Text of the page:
The Greatest Literary Works

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Animal Farm: A political fairy tale

Written by eastern writer on Monday, December 31, 2007

Originally called Animal Farm: A Fairy Story

by George Orwell
Novella 1945
approx. 32,000 words,
91 pages

A political fairy tale

Animal Farm is a work I include on the list of greats only under protest.

It's not that I dislike Orwell. I like most of his work very much. Nor do I consider Animal Farm particularly bad. It's very well done for what it is.

It just does not have the qualities of the greatest literature. I suspect the qualities that have led to its iconic status—and to its placement at number 31 on the Modern Library list of top English-language novels of the twentieth century, ahead of some of the best works of Hemingway, Faulkner, Lawrence and Conrad—are polemical, rather than literary.

Not that I have anything against political novels either, as many of my other choices should prove. But let me ask this: if Animal Farm were a satire on naked, rapacious capitalism, would it be called a modern classic today? How much does its reputation as an attack on communism and the Russian Revolution lead its admirers to overlook its slightness?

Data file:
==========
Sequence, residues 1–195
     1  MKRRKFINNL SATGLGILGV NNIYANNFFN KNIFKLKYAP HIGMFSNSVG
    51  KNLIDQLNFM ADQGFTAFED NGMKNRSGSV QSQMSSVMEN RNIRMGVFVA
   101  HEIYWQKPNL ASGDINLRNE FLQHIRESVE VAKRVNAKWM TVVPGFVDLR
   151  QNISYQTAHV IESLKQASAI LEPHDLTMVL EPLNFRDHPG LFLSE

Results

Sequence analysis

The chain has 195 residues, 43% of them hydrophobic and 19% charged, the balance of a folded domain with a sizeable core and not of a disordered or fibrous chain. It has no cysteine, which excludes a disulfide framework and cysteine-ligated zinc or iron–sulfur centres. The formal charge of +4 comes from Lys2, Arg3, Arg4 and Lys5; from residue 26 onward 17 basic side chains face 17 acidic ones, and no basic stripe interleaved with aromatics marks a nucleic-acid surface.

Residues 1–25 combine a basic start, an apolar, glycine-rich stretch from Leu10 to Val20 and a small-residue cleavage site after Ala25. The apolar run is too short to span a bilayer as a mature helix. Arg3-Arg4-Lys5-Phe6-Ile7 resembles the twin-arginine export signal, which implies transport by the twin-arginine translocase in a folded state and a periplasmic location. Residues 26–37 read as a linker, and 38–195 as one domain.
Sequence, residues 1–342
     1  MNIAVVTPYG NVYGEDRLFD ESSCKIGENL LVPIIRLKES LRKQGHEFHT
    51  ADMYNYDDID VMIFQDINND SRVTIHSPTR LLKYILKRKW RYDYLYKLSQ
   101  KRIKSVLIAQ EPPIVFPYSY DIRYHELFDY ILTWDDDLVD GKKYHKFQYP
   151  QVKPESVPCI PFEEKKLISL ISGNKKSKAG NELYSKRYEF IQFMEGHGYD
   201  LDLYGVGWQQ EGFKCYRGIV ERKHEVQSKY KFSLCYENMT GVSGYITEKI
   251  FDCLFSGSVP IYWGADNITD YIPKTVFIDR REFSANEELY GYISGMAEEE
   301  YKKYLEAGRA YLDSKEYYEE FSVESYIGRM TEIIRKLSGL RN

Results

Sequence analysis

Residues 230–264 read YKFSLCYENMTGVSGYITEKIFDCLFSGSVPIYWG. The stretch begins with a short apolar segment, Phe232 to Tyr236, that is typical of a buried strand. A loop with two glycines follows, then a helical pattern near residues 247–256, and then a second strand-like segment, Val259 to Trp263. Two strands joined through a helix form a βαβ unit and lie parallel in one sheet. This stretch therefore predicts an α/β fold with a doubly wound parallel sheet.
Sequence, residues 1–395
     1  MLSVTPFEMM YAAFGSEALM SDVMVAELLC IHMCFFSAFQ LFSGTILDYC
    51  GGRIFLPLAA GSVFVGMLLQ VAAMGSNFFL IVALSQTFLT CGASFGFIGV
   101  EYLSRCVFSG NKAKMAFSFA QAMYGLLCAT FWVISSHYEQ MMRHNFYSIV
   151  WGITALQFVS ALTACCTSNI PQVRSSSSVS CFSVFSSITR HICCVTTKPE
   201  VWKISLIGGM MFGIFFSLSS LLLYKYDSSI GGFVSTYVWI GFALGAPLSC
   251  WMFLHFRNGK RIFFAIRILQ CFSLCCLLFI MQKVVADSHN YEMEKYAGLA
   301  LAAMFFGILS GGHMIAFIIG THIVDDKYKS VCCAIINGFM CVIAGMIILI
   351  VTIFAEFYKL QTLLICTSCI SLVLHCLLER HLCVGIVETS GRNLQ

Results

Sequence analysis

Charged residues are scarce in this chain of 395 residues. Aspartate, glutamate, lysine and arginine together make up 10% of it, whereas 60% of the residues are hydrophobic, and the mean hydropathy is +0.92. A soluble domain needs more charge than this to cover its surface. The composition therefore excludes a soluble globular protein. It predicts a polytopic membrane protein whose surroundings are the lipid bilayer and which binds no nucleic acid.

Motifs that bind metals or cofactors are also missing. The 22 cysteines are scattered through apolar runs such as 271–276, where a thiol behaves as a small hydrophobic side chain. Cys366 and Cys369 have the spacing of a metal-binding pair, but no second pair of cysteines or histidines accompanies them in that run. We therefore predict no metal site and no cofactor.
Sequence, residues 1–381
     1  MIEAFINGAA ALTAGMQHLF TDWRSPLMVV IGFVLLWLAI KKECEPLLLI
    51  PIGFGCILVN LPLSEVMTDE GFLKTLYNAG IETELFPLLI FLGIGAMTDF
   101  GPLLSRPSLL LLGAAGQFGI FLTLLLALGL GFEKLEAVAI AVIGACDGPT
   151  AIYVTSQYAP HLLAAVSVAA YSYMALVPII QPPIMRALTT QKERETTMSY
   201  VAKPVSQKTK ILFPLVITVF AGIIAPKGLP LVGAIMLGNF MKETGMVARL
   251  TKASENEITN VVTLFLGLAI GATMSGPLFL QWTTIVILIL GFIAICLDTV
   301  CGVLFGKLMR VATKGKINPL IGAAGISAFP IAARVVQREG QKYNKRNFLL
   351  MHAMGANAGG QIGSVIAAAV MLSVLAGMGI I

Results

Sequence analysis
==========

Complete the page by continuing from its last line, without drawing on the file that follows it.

Furthermore, much of the admiration for Animal Farm comes from a misunderstanding of its political message. It is not, as many in the West seem to think, a denunciation of revolution in general, nor of socialism in particular. Orwell was some kind of anarcho-socialist himself and his criticisms were directed from within the left at others on the left—namely, at those he considered traitors to the revolution.

The example of the pigs who end up living off the sweat of the other animals, just as the overthrown humans once did, is not meant to illustrate that all revolutions end up replacing one set of exploiters with another, but rather to warn those who would make revolution to beware would-be leaders who would betray the revolution for their personal power and comfort. That obviously was the danger Orwell saw the Soviet experiment falling prey to.

If they had this in mind, would conservative critics still consider Animal Farm a great novel?

Or would they notice then that there is hardly any characterization in this story apart from some one-dimensional labelling (Napoleon is supposedly like Stalin, Snowball is Trotsky, Squealer is a conniving propagandist, Boxer is simple and hardworking, etc.). Little insight into the human heart is revealed, except in the most simplistic, cynical terms (greed overcomes goodwill, people will believe anything). The plot of course is implausible in the extreme, except as an allegory.

Now this does not make the story bad as a fable. In fact, Orwell's subtitle for Animal Farm was A Fairy Story, which has been dropped for most editions around the world. I happened to re-read the book recently while also dipping into Grimm's Fairy Tales. The juxtaposition made me notice that Animal Farm really works in this context, as a far-fetched story of talking animals representing the absurdly exaggerated characteristics of humans, with a moral to be decoded from its conclusion. Which is okay.

It's just not among the greatest literature of modern times in my opinion.

Source: http://www.editoreric.com/greatlit/books/Animal.html

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